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Paali Primer
Lesson 1
Lesson 2
Lesson 3
Lesson 4
Lesson 5
Lesson 6
Lesson 7
Lesson 8
Lesson 9
Lesson 10
Lesson 11
Lesson 12
Lesson 13
Lesson 14
Lesson 15
Lesson 16
Lesson 17
Lesson 18
Lesson 19
Lesson 20
Lesson 21
Lesson 22
Lesson 23
Lesson 24
Lesson 25
Lesson 26
Lesson 27
Lesson 28
Lesson 29
Lesson 30
Lesson 31
Lesson 32
For free distribution, as a gift of Dhamma.

Paali Primer

Lily de Silva, M.A., PhD.


[This is an online reproduction of the electronic version on the Chattha Sangayana CD]


This is a book long overdue, as my first Paali teacher, the late Mr. Julius Berugoda wished me to compile such a one, or translate the work he did into English, many years ago. I am sorry I was not able to bring forth this Paali Primer during his lifetime, but I feel I am discharging a great obligation even at this late stage.

I take no credit for the method used in this book as it was thought out by my revered Guru. When I first met him in 1949, I asked him how many cases there are in Paali, as I feared that I would have to memorise declensions as in Latin. He very tactfully said that there are no cases. I was surprised and curious, and requested him to start lessons immediately. Straight away we got down to making sentences which, lesson after lesson, became longer, more interesting and complex. These exercises were such fun that I thoroughly enjoyed learning Paali. Mr. Berugoda compiled a Paali Grammar in Sinhala called Paali Subodhinii, to teach me and it was later published in the early 1950's. It has long been out of print and even I do not possess a copy.

In the early 1980s Mr. Berugoda compiled another Paali Grammar in Sinhala which he said was an improvement on Paali Subodhinii, and wished me to translate it into English. Though it was translated with the help of Prof. P.B. Meegaskumbura of the Department of Sinhala, I was not satisfied with the arrangement of the lessons. I felt that the improvements he made in his enthusiasm were counter-productive, but I did not have the heart to tell him my frank opinion. The book however could not be published for lack of funds.

The present work is an entirely new effort based on the same principle of teaching grammar through composition, using a gradually expanding controlled vocabulary, selected on the basis of types frequently occurring in the language. Cases are introduced one by one using only masculine nouns ending in -a at the beginning, with exercises in sentence formation with present tense, third person, singular and plural verbs whose bases end in -a. Grammatical forms such as the gerund/absolutive and the infinitive, which are very frequent in the language, are soon introduced to enable the student to form longer and more complex sentences. Once the student has mastered the basic structure, other grammatical and syntactical forms are taught one by one, following the principle of introducing forms which bear a similarity/affinity in morphology to those already learnt. Translations from and into Paali form an integral part of each lesson.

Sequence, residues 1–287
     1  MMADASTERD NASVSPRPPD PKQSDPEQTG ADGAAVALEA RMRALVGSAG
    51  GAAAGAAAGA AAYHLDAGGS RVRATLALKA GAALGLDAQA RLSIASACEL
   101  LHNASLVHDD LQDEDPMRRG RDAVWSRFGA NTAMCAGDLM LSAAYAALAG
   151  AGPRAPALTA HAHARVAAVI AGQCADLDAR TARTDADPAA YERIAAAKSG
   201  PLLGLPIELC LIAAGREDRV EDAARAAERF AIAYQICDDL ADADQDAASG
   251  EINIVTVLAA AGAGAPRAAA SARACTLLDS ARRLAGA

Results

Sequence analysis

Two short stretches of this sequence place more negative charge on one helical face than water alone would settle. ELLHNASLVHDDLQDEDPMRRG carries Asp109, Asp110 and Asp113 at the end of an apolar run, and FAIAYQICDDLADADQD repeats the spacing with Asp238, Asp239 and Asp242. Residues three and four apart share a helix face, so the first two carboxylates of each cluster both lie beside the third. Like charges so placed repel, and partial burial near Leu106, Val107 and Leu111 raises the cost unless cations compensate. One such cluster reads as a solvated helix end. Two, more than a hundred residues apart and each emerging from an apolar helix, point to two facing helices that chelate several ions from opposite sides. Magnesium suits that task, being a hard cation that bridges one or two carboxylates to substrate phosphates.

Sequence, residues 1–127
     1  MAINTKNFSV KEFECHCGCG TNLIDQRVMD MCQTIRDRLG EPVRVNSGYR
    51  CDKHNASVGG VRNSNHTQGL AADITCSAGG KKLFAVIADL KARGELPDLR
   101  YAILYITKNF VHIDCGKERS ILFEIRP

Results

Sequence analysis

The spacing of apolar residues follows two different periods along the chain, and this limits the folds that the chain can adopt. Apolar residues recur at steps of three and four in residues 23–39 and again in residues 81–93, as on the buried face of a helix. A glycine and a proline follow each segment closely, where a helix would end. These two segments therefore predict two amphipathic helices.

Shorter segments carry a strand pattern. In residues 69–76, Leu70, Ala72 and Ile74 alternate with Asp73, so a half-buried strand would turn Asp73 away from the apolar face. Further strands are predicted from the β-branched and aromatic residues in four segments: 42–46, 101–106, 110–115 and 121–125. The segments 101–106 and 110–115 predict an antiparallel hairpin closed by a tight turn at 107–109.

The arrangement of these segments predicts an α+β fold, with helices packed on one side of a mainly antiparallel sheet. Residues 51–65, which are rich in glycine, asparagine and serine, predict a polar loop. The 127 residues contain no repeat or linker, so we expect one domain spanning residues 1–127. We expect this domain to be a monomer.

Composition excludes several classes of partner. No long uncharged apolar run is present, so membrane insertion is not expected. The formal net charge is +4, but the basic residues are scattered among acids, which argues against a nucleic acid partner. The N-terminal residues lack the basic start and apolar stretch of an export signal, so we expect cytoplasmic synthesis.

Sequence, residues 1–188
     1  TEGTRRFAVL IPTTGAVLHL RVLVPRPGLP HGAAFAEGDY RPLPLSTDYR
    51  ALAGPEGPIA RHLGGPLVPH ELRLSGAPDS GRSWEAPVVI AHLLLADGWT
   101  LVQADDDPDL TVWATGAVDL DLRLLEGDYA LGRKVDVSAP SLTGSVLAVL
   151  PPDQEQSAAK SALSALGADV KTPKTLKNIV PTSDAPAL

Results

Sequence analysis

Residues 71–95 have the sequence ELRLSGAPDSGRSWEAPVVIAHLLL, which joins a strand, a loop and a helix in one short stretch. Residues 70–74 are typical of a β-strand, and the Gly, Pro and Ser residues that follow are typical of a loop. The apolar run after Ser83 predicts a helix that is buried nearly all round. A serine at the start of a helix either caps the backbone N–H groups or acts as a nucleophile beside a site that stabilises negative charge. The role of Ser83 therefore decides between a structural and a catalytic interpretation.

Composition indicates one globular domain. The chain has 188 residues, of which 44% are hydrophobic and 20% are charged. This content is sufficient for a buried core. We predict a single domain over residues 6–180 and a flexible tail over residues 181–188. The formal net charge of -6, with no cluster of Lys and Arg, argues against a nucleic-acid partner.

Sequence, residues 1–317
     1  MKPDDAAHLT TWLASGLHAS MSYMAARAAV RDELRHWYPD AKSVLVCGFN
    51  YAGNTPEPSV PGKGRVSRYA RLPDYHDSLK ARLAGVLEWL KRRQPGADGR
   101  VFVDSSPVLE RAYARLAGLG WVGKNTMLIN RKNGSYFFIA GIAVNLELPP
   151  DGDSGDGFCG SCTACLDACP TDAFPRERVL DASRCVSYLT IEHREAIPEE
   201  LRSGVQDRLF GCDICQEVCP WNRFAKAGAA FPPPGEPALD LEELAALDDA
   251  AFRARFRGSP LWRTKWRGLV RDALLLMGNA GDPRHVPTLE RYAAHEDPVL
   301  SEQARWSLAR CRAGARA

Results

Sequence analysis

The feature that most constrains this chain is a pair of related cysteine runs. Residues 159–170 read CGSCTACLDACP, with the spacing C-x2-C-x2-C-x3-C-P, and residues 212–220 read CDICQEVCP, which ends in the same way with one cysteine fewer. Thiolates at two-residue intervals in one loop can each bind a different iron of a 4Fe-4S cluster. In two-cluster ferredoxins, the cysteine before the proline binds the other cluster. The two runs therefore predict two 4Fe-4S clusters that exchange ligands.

This book is meant for beginners and gives only an introduction to Paali grammar. It is designed as a convenient stepping stone to more advanced works such as A.K. Warder's Introduction to Paali.

I have freely drawn from the vocabulary collected by Ven. A.P. Buddhadatta in The New Paali Course Part I, for which I acknowledge my indebtedness.

I place on record my sincere thanks to my University Guru Prof. N.A. Jayawickrema for going through the first draft of this text with meticulous care and making valuable suggestions.

Lily de Silva
Department of Pāli and Buddhist Studies
University of Peradeniya, Sri Lanka.
11 December, 1991.